This documentary film was shown for a Veggie and Vegan Society’s Movie Night! Due to this context, it will come as little surprise that the film did refer to animal welfare as well as many wider issues such as war, diet and love. However it doesn’t stop there: if you’re a human, an animal or even a tree- this film is for you!
I would first of all like to applaud one of the most powerful and empathetic starts to a film that I have witnessed in a long time; on par with perhaps the distressing and traumatic opening to Castaway, the heart-breaking beginning to Up or the iconic start to The Lion King (my sincere apologies for the Disney movie bias- I am a fan). Shaun Monson, director, used a powerful contrast of realistic footage and sorrowful empathy, focusing on the distressed actions of one single animal for an extended period of time (around 2-3 intense minutes). After bringing a tear, or a flood, to my eyes (and face and hands and sleeve...) the film then took a transcendent and perhaps slightly drawn-out turn. The viewer was bombarded with stars, galaxies and other such colourful images that, I must confess, meant little to me due to my lack of astrological understanding. My only criticism is regarding the convoluted discussion of the Universe and Earth’s place within it. I would argue that although at first interesting, the astrological focus did feel repetitive over time and began to bore me- causing temporary detachment and loss of interest.
However my perseverance was rewarded! I was surprised at the shift that occurred: the style of narration altered to introduce a broad accessibility to the content. Never did I think that I would be able to understand the theories of famous philosophers such as Nietzsche (the gentleman below rocking the moustache) within a space of 30 seconds. However, I sat feeling like a mastermind, with the help of the narrators, who reworded complex ideas into a summative and simple forms. So do not be deterred, dear reader, be encouraged! You’re not going to sit staring blankly at the screen for an hour and a half: quite the opposite! You will add to your already brimming bank of knowledge with content such as the theory of the Ego- that is, the theory that selfishness causes a distance and duality among humanity- pretty simple right?
The documentary film was also well-organised and fluid. It used well-chosen and diverse footage to portray points excellently. For example, to portray the issue of apathy, caged cats and dogs were shown. These animals were in cramped cages in China, thrown from the back of trucks by people, as though there was no life inside. This footage really touched me and hit close to home: how desensitised have we become as a race? Also, before this example leads you to believe that it is in only Eastern or less economically developed countries where this apathy and cruelty resides- think again! Animal testing, corruption and war are issues very prevalent in most societies, including (if not especially) Western.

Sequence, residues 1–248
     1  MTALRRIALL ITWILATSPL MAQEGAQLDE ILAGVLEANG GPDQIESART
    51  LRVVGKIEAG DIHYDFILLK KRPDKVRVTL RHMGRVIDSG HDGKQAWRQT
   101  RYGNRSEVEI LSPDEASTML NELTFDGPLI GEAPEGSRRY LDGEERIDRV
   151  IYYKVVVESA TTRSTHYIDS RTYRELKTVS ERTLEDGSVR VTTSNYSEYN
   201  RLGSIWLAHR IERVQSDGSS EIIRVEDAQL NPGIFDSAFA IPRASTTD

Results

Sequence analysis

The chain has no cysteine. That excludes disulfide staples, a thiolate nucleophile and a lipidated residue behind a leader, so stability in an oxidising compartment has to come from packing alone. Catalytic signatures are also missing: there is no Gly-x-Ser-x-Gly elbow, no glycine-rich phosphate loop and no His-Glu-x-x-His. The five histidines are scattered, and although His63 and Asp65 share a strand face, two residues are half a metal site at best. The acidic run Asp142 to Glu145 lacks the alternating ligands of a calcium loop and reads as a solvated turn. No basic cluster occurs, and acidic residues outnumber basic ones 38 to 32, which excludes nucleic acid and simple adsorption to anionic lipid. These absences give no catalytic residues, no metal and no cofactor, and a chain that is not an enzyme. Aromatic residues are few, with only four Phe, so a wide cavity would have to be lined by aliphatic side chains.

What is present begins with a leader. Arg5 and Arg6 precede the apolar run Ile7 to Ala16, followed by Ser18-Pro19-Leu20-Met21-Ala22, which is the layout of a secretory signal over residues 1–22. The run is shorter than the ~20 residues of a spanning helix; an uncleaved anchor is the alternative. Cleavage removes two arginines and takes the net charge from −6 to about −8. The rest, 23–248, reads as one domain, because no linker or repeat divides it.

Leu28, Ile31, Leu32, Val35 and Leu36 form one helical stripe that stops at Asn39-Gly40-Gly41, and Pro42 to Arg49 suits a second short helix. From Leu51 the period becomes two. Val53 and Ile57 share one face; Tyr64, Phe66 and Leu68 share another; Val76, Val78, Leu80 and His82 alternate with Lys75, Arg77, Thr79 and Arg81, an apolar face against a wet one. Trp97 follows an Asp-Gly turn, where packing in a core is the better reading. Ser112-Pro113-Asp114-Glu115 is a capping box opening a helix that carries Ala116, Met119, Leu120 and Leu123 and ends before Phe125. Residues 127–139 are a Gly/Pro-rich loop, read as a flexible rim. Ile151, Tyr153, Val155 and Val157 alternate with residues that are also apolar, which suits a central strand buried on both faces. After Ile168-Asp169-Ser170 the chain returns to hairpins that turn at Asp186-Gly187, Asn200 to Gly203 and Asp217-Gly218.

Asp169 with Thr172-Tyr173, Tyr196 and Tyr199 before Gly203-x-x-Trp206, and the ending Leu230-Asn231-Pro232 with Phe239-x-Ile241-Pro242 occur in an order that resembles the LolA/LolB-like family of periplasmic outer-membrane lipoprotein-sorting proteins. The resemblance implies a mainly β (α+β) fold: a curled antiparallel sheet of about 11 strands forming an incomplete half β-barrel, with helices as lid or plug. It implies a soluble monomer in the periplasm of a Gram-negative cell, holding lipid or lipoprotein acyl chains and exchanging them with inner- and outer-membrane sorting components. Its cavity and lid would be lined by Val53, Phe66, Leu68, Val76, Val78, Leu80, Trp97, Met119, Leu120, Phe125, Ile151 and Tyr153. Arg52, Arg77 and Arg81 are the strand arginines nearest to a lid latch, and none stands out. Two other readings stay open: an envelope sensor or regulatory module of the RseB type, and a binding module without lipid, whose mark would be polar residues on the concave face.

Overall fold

Speaking of war (the film looks at this too- slightly morbid I know) but relevant! I was taken aback with the fact that mankind has been at war for 95% of its existence. I didn’t know this before watching and so found it pretty shocking. I was also surprised at myself, for my lack of reaction towards footage shown of widespread riots and images of war. Now, I’m pretty sure that this isn’t a result of my lack of emotion as I have been known to cry at the children’s film Barnyard, the 2012 John Lewis advert and when I don’t have enough money for a takeaway. I believe instead, that I was probably just so overwhelmed by the amount of pain and the whirlwind of emotions existing in the images that no single emotion could get through. Looking for a second opinion? The President of the Veggie and Vegan Society, Isabella Trapani argues that, “It makes you aware how cruel humans can be to each other, especially when looking at all the wars of human history”. But hey! It’s not all Peace, Love and Animal Welfare so you can put your shoes back on and put away the tie-dye- unless you’re comfy- in that case stay as you are!
The film also covers issues relevant to everyone regardless of belief, such as diet, nutrition and health. Regarding this issue, Isabella ‘liked that it also addressed unhealthy diets and the consequences that can result. It conveyed the vegan message in a subtle way, which was a more welcoming approach to non-vegans, who may not consider the effects of their dietary habits’. The movie also discussed a topic that has transfixed mankind for centuries- love! This idea is EVERYWHERE- in almost every film, song, poem- all you need is love! Unity gives an insightful and honest insight into what love is- helpful for everyone with a relationship to anyone or anything- be it sister, boyfriend, cousin, dad, Fido the pooch or a pet rock- the film is quite inspiring in that respect.
I would most definitely recommend Unity as it has a little, or a lot, of something for everyone to take away from it. As the Society President states, ‘It conveys a message in a very powerful way’ and I have to agree. The simplistic strategy of voiced-over footage helped to portray the purpose of the film- to enlighten, educate and allow us to ask some pretty big and important questions about the world we live in; instead of trying to distract us with bright lights and special effects. So get your thinking cap and suitable for veggie snacks, gather your friends and be prepared to open your mind!